£1,000 eventing prize on offer in memory of talented young rider who died in fall

  • A £1,000 prize on offer for eventers this season is another way of keeping alive the memory of talented young rider Archie Lowe.

    West Wilts Equestrian Centre is supporting the Archie Life Foundation again this year, by offering the prize to the owner/rider combination who amass the most points over all three of its British Eventing fixtures this year.

    “It’s just to keep Archie in the eventing world,” West Wilts owner Mandy Collins told H&H. “To keep his memory alive; I can still see him, coming up the car park.”

    H&H reported in 2022 that the foundation had been set up in memory of Archie, a promising rider who had competed in dressage and showjumping, but mainly eventing including pony trials and representing the southwest region. Archie died in a rotational fall in September 2020, aged 21, and the trust was set up to support young riders and horses, as well as the air ambulance service that had tried to save his life.

    The West Wilts championship is open to riders and horses who compete in any of the fixtures’ classes but it must be the same combination at each event, and the horses must be owned by the riders or their families. The aim is to give support to riders who need and will appreciate it.

    “Archie was really full of life, such a nice guy, and for him it wasn’t about the winning, it was the taking part, and camaraderie, and the rest of eventing, which is why [Archie’s mother] Patty wanted help to go to people who are trying hard,” Mandy said.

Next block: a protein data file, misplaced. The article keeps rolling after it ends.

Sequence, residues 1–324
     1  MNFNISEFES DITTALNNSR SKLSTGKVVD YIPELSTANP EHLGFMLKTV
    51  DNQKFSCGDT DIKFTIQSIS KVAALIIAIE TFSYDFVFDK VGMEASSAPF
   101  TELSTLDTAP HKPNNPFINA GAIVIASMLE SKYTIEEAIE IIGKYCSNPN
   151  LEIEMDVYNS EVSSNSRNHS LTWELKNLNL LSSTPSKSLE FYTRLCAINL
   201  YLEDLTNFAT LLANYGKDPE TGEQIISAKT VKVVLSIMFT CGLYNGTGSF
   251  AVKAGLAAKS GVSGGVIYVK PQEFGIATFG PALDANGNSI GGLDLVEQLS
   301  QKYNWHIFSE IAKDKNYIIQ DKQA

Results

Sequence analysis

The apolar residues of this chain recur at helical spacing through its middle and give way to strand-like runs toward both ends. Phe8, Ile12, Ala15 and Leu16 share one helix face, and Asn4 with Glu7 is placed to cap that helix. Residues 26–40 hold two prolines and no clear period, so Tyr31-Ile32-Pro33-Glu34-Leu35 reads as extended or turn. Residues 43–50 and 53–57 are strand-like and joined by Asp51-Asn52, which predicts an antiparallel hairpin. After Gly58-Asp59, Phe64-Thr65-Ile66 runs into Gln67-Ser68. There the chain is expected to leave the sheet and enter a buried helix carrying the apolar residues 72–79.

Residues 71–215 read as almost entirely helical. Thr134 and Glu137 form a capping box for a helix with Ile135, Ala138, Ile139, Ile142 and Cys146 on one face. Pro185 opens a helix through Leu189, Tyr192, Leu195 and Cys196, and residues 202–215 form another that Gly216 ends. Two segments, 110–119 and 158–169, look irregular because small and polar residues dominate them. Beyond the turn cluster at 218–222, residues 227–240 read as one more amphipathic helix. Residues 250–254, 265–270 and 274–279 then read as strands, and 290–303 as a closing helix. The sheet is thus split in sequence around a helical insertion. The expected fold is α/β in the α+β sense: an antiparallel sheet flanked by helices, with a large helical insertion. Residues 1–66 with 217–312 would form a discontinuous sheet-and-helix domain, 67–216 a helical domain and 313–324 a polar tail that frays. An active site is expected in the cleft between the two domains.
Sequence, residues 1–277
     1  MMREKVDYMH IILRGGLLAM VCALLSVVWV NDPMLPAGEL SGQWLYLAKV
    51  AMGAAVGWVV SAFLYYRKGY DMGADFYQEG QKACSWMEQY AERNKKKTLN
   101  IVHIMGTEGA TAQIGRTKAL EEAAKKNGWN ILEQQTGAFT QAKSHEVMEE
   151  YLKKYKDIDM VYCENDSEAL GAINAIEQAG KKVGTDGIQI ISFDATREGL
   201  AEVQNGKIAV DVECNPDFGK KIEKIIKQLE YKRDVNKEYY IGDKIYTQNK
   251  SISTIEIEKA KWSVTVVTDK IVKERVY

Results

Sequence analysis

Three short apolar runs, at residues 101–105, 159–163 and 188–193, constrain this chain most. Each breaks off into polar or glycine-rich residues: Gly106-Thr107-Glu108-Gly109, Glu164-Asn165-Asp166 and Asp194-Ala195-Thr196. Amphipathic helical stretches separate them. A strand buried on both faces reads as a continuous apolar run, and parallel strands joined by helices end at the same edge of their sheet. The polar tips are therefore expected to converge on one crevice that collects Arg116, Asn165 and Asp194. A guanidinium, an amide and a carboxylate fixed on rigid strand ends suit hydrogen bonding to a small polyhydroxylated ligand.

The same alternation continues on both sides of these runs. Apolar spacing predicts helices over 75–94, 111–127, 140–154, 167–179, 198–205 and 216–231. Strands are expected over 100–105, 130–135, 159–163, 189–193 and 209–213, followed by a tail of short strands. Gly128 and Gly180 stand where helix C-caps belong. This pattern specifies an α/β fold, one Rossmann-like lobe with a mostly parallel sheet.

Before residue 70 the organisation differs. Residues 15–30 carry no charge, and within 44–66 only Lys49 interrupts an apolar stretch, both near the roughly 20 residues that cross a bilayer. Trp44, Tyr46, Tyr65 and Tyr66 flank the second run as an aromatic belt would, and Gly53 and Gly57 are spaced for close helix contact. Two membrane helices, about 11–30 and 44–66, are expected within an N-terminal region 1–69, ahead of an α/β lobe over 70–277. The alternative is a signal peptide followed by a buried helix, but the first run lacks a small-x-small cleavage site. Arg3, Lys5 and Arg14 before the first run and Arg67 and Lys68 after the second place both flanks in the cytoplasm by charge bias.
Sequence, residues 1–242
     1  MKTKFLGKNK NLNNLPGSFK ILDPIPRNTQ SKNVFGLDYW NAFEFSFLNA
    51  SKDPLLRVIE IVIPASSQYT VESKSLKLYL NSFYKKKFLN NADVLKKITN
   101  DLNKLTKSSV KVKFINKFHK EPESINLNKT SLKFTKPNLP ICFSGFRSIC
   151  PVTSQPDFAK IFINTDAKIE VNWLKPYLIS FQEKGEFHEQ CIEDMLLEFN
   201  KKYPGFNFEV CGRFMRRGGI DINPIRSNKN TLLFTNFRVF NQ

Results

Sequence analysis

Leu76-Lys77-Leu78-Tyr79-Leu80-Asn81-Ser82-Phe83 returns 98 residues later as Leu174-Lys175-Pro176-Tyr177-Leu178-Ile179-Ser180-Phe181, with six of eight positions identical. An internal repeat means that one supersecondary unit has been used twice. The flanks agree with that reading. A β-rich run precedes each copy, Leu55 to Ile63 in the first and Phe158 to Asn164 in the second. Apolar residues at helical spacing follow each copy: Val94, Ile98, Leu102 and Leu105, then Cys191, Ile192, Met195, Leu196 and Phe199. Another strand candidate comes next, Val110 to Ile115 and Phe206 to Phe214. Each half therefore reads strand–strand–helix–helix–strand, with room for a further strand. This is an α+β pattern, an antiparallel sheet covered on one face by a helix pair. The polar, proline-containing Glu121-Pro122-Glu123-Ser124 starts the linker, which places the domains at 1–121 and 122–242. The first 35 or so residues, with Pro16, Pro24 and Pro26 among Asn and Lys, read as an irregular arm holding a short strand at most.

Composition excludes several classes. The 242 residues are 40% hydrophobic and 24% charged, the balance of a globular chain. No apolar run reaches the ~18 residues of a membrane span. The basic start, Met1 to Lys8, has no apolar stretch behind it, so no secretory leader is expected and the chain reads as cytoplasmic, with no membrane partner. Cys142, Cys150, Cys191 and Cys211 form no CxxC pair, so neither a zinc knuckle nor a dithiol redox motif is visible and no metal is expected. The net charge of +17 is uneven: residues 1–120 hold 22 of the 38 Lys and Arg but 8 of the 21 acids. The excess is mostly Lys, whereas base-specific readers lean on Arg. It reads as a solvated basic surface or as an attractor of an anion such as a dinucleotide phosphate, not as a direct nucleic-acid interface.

The winner will also get the Archie and Manni Partnership perpetual trophy, as well as a rug and numnah. Those who come second and third will win free entry to all or one of next year’s West Wilts fixtures respectively. Prizes will be presented at the venue’s end-of-season party.

    “Archie was all about being kind,” Mandy said. “We’ve got some of the clothes the foundation sells, lovely things, for sale in reception and it would be nice if people could buy them to put money in the pot to give away; Archie would have liked that.”

    Archie’s stepfather Gordon Robson-Lowe, who has been managing the foundation, told H&H West Wilts was one of Archie’s favourite venues, which is why Patty wanted to have the league there.

    He added that William Fox-Pitt and Sam Griffiths, who were both close to Archie, have been very supportive with the bursaries the foundation offers.

    “Part of what we’ve been doing is trying to support young riders who may not have the means to achieve what they want to achieve,” he said. “People who are determined and driven, and struggling to make it work.”

    He said the foundation is also looking at horses’ ability to help people with mental health issues.

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